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Addiction and Substance Abuse

Alcohol abuse



I heard that when you drink consistanly (basically, when your an alocholic) it causes imbalances and stuff in your body that cause effects on not only your psychical health but your MENTAL health..even when you`re not drinking. It seems like my friends who have drinking problems, even when they don`t drink for 2 days, theyre still in that same state of emotional wrecklessness. But when they`ve quit for a month or more, they become completely different...a lot more emotionally stable. It`s like they return to their old selves.If you want to become sober and quit drinking, about how long does it take for your body and mental health to return to it`s complete normal state?


You ask a very good question which I will answer in several parts. There is a lot we have come to understand about alcohol use, abuse and dependence in the past years, and what alcohol does to our body. You have made some interesting observations about the effect of alcohol on individuals.

First, what makes one alcohol-dependent (alcoholic) is not so much the consistency with which they drink, but the amount they drink per drinking occasion. What we do know is that if individuals limit their drinking to 2 alcoholic drinks per day for a man or 1 a day for a woman, even though they drink consistently, they do not become alcohol dependent. If individuals do not drink daily, and they drink more than 4 drinks for a man or three for a woman on any drinking occasion, they are at risk for health related problems such as:

to name a few. So once an individual drinks beyond the recommended drinking limits, they are at risk for multiple health problems.

One thing about alcohol is that we develop a tolerance to it, and so what once made us feel good or relaxed is not sufficient, and we need to drink more to achieve the same "good feeling" which over time can lead to alcohol dependence.

So what happens to your friends who still seem to have the "same state of emotional recklessness" even after they stop drinking for a day or two, depending upon how much they drink on an occasion, is that they are experiencing some alcohol withdrawal where they feel irritable, have sleep disturbances, and maybe the shakes. This may go away, as you observed in 1-2 days. If they have become alcohol dependent it may take longer to withdraw and for the body to clear all the alcohol and for all the body systems to "calm down". How long it takes the body to return to "normal" depends on how long they have been drinking and how much they consume at each drinking occasion. Usually this should clear in about 2 weeks.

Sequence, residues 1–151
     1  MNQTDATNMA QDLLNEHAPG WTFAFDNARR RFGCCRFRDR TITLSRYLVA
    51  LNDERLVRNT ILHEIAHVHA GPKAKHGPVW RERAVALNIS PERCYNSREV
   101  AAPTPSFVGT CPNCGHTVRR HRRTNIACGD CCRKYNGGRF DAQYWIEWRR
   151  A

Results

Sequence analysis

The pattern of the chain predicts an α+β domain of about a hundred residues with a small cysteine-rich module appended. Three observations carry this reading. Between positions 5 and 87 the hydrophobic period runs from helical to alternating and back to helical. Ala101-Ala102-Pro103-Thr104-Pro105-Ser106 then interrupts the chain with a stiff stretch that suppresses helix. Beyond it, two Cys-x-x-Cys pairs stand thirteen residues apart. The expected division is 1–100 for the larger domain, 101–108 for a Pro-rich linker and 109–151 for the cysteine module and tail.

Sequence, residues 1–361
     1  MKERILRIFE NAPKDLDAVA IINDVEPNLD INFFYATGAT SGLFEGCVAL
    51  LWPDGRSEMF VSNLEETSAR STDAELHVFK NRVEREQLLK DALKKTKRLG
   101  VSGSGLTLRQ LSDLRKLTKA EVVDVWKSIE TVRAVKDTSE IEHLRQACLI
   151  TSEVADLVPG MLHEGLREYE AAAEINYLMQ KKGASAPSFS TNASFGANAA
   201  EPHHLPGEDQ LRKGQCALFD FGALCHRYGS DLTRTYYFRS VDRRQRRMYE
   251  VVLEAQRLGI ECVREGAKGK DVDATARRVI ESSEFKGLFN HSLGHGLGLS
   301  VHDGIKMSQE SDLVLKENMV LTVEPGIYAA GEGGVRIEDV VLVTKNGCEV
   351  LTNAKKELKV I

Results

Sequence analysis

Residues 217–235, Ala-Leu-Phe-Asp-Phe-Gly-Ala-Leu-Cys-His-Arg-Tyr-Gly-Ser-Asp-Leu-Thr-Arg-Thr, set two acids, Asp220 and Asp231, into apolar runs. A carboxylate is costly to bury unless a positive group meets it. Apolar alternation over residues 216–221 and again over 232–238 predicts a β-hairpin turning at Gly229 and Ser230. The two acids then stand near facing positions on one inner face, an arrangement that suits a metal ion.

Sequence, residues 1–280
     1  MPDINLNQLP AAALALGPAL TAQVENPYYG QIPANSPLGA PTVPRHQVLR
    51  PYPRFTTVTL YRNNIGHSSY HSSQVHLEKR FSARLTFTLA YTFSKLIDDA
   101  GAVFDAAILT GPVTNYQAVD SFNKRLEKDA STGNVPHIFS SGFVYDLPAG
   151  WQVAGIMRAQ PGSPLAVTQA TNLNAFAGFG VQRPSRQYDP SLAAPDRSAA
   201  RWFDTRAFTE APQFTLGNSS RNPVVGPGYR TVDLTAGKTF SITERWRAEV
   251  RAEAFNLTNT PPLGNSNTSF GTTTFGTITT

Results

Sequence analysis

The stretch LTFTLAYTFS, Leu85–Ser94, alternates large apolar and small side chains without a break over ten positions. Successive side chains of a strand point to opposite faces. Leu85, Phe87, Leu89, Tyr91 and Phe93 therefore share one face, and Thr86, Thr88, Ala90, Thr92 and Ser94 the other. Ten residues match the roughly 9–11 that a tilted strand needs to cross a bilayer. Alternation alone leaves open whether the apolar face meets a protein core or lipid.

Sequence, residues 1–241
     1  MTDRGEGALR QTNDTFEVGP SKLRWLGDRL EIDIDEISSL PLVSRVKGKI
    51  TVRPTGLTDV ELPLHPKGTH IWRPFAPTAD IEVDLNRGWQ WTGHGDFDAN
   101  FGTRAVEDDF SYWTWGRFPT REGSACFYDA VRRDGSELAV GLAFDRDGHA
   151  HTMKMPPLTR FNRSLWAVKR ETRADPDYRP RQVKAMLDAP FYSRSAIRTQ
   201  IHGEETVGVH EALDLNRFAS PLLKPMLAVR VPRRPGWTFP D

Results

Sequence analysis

You mention "for your body to return to normal or their old selves". The body is an amazing organ and can withstand many challenges, but at some point if drinking continues and/or is very heavy ( 6-8+ drinks per occasion) the body will begin to experience damage to a variety of organ systems, and the body will not return to normal. Changes are slow and not always evident, but damage is occurring.

You ask if you want to become sober and quit drinking how long will it take to return to "normal". Again, depending on how long and how much one drinks, the time will vary. In general, one can expect to return to "normal" in 2-4 weeks. During the 2-4 weeks the body will go through withdrawal and the person will experience a variety of symptoms depending on how long and how much they drank. Symptom start within a few hours after the last drink, starting with tremulousness and usually peaks within 48-72 hours and symptoms can persist for days and include agitation, tremulousness, increased blood pressure and pulse, sweats and insomnia. Chronic alcohol users may experience agitation, anxiety, depression and impulsive behavior. Withdrawal can be more serious with the onset of hallucinations in 12-24 hours and possible convulsions (seizures) within 2-3 days.

It is best to consult your family doctor or a physician before you stop drinking to insure that you are able to manage the symptoms. Once you have stopped drinking and worked through the withdrawal, it is wise to seek a support group who will help in resisting the temptation to return to drinking.

Several valuable websites would be:

For a self assessment of your drinking pattern -alcoholscreening.org or niaaa.nih.gov

For the niaaa.nih.gov site click on publications and then go to patient education.

For more information:

Go to the Addiction and Substance Abuse health topic, where you can:

Response by:

Janice Dyehouse, PhD, RN
Adjunct Professor
College of Nursing
University of Cincinnati